Bad Weather

Part Nine: Hitchhiking in Bad Weather

Walking and hitching through a snowy mountian pass from Chile to Argentina

When it rains, it pours, and this is oftentimes true while your hitchhiking.

If you decide to hitchhike in bad weather, make sure you are prepared. If it is raining, have clean, dry socks on hand. If it’s snowingmake sure you’re well-insulated and have dry clothes avalible to you.

If you have a tarp, you can try and use this to keep yourself relatively dry.

If you find yourself not in desperate need of a ride when the weather breaks, try to utilise this time to dry your equipment, if the situation allows for it. Hang wet socks or gloves from tree branches.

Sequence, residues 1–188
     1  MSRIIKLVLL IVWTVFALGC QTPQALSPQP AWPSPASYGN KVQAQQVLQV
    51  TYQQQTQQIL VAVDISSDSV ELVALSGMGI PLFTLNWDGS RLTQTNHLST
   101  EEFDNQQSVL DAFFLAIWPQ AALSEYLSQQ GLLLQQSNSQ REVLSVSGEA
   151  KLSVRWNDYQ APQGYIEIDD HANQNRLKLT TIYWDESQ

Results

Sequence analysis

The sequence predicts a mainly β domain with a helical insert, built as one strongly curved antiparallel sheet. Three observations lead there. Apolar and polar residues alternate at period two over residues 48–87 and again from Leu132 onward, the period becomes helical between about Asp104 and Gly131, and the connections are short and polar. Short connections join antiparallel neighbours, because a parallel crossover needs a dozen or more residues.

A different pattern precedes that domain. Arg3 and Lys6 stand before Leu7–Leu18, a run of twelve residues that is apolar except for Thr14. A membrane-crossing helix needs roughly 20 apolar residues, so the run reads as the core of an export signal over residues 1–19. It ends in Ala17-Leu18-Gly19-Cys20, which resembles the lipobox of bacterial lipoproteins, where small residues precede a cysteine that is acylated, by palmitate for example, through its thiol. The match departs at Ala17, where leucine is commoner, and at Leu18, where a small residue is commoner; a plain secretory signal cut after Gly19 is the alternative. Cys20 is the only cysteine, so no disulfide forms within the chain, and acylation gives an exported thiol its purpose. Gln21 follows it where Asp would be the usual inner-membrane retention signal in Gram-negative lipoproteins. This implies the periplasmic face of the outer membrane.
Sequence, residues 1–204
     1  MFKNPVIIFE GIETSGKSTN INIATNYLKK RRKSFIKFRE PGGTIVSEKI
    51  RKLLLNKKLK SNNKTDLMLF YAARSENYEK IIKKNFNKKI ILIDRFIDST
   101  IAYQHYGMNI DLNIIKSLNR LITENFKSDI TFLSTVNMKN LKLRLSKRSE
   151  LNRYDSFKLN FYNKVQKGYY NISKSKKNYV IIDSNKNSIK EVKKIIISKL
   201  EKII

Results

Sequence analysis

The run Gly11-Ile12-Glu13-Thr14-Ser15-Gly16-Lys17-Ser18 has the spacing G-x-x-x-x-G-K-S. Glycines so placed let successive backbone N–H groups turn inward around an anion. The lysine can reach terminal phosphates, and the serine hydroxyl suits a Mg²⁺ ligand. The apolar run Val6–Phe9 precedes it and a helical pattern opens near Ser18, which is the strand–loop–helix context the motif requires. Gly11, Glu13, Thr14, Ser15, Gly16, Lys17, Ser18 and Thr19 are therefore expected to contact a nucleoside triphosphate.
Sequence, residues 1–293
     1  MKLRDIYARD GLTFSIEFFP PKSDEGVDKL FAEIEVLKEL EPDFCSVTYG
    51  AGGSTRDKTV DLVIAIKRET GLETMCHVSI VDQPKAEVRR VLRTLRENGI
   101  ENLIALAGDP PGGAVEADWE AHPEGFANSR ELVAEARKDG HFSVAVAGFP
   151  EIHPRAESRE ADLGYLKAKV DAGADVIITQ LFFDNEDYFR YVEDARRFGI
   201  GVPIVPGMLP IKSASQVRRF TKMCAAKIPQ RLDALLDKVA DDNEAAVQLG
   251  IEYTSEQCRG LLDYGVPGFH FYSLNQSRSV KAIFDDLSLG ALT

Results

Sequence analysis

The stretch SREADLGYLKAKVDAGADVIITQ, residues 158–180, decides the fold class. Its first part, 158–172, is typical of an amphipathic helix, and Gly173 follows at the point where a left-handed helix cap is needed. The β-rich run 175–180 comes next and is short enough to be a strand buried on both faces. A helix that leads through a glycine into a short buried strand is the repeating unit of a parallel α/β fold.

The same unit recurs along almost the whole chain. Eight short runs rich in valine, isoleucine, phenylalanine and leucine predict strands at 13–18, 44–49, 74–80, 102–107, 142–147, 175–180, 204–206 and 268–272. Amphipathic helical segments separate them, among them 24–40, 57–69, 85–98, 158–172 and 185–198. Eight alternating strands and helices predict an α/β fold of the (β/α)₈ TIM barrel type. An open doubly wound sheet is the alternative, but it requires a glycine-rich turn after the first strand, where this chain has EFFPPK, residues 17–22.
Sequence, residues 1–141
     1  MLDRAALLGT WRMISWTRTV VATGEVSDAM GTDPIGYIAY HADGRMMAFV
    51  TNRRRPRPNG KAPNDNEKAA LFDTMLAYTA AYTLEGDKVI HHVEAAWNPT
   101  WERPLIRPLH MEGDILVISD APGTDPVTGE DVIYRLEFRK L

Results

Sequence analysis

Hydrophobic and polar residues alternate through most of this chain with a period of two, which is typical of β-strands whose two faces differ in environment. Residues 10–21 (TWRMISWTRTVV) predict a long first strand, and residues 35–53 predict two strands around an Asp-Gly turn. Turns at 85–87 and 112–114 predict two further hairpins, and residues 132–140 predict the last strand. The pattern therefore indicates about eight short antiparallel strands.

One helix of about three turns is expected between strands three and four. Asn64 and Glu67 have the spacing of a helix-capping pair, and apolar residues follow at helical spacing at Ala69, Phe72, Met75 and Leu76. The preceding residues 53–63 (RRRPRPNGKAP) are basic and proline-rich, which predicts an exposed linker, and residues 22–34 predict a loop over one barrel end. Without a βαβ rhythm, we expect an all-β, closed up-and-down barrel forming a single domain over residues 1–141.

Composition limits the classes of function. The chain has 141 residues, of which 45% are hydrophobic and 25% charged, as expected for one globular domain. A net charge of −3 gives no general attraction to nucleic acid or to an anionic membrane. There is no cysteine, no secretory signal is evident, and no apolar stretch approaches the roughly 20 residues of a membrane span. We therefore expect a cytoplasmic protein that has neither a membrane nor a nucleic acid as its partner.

Drying gloves on a thorny berry bush during a rare break in the rainy weather of southern Chile

At the end of the day, try to find a place to dry your gear, such as the inside of a gas station near the heater.

Part One: Hitching the Ride

Part Two: The Ride

Part Three: Night Hitchhiking

Part Four: Finding Food

Part Five: Places to Sleep

Part Six: Getting Extra Cash

Part Seven: Buses & Taxis

Part Eight: Health Care While On The Road

Part Ten: Hitchhiking Gear

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